United Way
of Massachusetts Bay
and Merrimack Valley

March 31, 2016

Extra Credits

In the hectic days of high school, these four students found the time to become tax prep pros–and help their neighbors find financial opportunity.

Close your eyes. When you hear the word “accountant” what image springs to mind? A gentleman with glasses and a tie and an expensive-looking calculator? A woman at a desk, dwarfed by a book of IRS regulations the size of a small tool shed? Odds are you didn’t picture a fresh-faced high school senior who looks barely old enough to drive, much less able to navigate the labyrinthine United States tax code.

For the quartet of teenaged number-crunchers from the accounting class at the Richard W. Creteau Regional Technology Center at Spaulding High School in Rochester, NH that was the biggest hurdle: dealing with the looks of skepticism from the people who showed up to have their taxes done for free.

“One guy asked if I was ten years old,” said Justine Short, 17, from Wakefield.  “And old enough to be doing taxes.”

It didn’t take long for the incertitude to wash away. As part of the Volunteer Income Tax Assistance (VITA) program, these young volunteers journeyed through weeks of rigorous tax prep training and emerged as IRS-certified pros. VITA is funded by United Way and coordinated by The CA$H Coalition of Southeastern New Hampshire.

“I am in awe they were able to accomplish this,” said their teacher Tracy Mitropoulos, who worked closely with Kathe Fredette, VITA program coordinator.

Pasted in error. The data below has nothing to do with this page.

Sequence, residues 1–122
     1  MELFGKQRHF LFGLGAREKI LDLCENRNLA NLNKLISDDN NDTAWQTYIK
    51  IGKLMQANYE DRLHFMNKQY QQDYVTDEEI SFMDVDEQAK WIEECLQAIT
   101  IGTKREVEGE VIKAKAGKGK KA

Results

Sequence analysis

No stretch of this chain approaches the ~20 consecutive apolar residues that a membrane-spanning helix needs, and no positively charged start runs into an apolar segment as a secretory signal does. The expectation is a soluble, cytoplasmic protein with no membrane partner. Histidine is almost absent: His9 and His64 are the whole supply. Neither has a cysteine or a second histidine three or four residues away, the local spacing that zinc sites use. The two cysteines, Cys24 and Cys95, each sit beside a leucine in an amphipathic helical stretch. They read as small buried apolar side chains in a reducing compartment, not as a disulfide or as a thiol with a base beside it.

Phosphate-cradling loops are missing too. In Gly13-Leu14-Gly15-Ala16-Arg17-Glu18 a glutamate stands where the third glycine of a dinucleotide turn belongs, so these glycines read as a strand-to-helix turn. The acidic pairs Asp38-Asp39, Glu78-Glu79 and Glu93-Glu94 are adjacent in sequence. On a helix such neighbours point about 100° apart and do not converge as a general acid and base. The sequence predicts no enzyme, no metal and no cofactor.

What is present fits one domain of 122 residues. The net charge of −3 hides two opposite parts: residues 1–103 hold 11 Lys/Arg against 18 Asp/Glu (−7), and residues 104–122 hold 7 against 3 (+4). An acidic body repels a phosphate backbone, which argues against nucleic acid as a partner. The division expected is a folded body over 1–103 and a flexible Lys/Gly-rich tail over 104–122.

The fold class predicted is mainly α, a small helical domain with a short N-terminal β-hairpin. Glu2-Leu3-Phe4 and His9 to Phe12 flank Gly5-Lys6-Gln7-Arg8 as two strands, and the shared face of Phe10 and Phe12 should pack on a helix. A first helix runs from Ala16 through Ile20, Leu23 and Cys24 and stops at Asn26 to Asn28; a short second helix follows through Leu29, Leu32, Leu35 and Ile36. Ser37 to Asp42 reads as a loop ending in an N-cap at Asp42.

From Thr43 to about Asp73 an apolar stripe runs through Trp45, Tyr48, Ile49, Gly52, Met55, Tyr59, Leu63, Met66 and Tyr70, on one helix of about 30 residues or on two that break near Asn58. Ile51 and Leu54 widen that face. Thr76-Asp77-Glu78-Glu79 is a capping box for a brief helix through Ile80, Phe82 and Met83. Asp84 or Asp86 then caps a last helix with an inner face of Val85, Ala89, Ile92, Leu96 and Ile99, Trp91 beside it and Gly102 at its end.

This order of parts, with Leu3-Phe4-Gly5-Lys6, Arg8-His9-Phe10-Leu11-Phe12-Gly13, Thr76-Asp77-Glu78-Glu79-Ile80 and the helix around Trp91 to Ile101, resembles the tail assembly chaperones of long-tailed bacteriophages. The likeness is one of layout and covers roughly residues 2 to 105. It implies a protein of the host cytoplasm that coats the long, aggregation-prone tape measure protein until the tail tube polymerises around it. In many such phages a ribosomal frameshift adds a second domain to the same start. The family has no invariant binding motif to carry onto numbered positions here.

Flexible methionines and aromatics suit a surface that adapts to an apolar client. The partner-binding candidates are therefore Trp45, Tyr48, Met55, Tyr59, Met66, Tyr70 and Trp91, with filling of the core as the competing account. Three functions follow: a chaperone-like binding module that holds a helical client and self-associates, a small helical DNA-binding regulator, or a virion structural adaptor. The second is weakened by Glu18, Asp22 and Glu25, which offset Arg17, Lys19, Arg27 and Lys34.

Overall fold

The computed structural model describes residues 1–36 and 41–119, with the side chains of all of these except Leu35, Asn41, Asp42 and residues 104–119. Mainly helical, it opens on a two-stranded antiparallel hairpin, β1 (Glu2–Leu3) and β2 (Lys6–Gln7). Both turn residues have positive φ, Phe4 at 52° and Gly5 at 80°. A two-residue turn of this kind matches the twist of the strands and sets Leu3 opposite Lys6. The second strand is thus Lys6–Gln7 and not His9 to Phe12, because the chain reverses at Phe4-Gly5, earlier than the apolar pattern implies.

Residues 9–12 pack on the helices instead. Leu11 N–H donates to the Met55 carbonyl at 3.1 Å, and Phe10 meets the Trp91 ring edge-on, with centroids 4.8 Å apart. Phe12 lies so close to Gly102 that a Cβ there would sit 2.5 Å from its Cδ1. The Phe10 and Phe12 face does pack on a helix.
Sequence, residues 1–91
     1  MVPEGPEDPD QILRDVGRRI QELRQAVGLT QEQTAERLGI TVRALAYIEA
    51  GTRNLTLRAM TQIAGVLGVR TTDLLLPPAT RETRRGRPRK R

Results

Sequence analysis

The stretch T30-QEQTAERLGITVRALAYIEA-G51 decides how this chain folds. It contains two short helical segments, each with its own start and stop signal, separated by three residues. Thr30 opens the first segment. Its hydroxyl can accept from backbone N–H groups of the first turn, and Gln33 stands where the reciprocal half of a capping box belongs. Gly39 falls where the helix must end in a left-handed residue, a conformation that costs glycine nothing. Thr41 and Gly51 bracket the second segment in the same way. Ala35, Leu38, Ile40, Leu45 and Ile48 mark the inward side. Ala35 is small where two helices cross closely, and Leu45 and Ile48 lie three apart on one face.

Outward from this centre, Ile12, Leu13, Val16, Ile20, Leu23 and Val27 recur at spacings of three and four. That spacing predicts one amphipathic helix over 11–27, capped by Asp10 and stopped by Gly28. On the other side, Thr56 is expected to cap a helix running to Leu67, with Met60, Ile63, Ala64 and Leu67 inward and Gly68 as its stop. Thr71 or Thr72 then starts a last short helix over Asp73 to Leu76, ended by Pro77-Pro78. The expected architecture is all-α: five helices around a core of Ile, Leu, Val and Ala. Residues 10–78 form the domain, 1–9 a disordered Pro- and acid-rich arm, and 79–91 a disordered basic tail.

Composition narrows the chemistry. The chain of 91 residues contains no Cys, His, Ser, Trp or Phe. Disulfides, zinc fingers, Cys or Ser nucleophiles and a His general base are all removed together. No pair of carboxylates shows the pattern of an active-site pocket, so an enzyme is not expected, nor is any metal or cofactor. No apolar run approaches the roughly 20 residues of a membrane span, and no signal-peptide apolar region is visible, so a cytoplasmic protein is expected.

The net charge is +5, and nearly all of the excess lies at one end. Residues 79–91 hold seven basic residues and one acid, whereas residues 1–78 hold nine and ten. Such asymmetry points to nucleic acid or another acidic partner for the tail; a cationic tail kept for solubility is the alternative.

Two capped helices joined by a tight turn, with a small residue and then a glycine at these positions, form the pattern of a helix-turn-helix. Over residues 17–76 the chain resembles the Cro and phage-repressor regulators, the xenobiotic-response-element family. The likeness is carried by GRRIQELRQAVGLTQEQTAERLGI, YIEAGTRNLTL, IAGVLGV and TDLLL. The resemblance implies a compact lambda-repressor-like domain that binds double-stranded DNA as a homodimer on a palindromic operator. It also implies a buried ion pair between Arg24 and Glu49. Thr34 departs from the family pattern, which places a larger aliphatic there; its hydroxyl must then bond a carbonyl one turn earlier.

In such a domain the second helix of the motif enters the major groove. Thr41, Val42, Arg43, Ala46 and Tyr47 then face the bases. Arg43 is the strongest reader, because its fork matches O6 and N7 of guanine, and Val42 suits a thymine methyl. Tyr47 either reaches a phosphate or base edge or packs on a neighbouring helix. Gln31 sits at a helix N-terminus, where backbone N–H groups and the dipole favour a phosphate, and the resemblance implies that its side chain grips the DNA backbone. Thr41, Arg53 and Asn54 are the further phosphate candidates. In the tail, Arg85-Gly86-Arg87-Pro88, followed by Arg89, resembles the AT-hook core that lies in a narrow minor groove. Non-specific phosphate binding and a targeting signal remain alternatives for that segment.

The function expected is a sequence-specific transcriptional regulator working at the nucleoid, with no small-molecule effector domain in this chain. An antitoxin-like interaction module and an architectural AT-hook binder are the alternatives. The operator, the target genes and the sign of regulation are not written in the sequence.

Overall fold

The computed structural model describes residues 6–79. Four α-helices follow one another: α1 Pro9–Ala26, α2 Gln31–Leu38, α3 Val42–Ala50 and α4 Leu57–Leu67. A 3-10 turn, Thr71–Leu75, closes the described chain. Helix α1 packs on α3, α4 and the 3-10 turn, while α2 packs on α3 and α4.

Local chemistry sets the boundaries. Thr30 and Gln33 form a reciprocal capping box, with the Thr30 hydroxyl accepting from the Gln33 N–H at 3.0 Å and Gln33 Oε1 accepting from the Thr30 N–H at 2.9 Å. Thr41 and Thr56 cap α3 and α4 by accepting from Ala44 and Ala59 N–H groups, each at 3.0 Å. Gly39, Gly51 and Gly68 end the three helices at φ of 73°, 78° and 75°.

“These teenagers spent entire school days, stayed after school, ate lunch at their computers and weren’t going to stop  until they passed the certification exam,” says Fredette. “And they all did with a 90% or better.”

As much as a grind  it was to earn the certification—the biggest challenge? “Studying all the tax laws!” according to Tyler Mitchell, 17, from Rochester—the true test would come when the practice runs ended and they sat across from a real person, tax return in hand, a significant amount of money in the balance.

“It was nerve-wracking, definitely,” said Brandon Sargent, 18, from Rochester. “It’s such a big deal. For many people that tax return is going to be extremely important for them.”

VITA, which is almost entirely volunteer-powered, specifically serves low and moderate-income individuals and families. The goal is two-fold: 1) provide, for free, a service that can normally be costly (having your taxes done by an IRS-trained professional) and, 2) maximize refund avenues like the Earned Income Tax Credit (EITC) and child credits. These savings are critical to helping people make ends meet. The IRS estimated that over 3,000 EITC eligible tax credits went unclaimed last year in Rockingham and Stafford counties, totaling over $6 million.

For the remainder of tax season these four high school students will spend their weekends–those precious weekends!–helping others, be it at Albany Engineered Composites, a Rochester-based manufacturing plant, or the Rochester Community Center. The time commitment has been formidable, but the payoff is huge.

“A couple came in together for my first married filed jointly return,” recounts Katie Menard, 18, of Rochester. “They asked me what my career was outside of taxes. I told them I was actually a high school senior and they thought that I was joking. They were amazed that a student could get certified, but were also amazed at how professional we all were. It made me feel proud.”